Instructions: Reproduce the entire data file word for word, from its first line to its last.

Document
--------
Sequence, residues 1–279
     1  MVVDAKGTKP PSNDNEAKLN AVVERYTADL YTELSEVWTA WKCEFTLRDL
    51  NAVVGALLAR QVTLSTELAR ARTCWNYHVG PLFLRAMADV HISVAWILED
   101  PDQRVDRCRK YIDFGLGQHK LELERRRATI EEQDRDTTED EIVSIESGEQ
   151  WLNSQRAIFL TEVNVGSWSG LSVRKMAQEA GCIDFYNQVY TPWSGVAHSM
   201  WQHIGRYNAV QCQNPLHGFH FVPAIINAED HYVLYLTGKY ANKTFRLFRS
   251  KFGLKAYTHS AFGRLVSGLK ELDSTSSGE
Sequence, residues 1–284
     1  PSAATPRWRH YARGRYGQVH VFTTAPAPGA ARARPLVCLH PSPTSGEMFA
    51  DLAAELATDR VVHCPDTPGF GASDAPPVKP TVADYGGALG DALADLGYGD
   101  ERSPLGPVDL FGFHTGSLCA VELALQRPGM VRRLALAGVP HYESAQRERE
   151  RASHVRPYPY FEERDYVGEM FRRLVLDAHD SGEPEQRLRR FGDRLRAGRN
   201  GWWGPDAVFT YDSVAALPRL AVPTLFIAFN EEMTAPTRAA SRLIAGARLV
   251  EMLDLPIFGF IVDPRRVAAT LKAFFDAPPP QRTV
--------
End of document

Sequence, residues 1–279
     1  MVVDAKGTKP PSNDNEAKLN AVVERYTADL YTELSEVWTA WKCEFTLRDL
    51  NAVVGALLAR QVTLSTELAR ARTCWNYHVG PLFLRAMADV HISVAWILED
   101  PDQRVDRCRK YIDFGLGQHK LELERRRATI EEQDRDTTED EIVSIESGEQ
   151  WLNSQRAIFL TEVNVGSWSG LSVRKMAQEA GCIDFYNQVY TPWSGVAHSM
   201  WQHIGRYNAV QCQNPLHGFH FVPAIINAED HYVLYLTGKY ANKTFRLFRS
   251  KFGLKAYTHS AFGRLVSGLK ELDSTSSGE
Sequence, residues 1–284
     1  PSAATPRWRH YARGRYGQVH VFTTAPAPGA ARARPLVCLH PSPTSGEMFA
    51  DLAAELATDR VVHCPDTPGF GASDAPPVKP TVADYGGALG DALADLGYGD
   101  ERSPLGPVDL FGFHTGSLCA VELALQRPGM VRRLALAGVP HYESAQRERE
   151  RASHVRPYPY FEERDYVGEM FRRLVLDAHD SGEPEQRLRR FGDRLRAGRN
   201  GWWGPDAVFT YDSVAALPRL AVPTLFIAFN EEMTAPTRAA SRLIAGARLV
   251  EMLDLPIFGF IVDPRRVAAT LKAFFDAPPP QRTV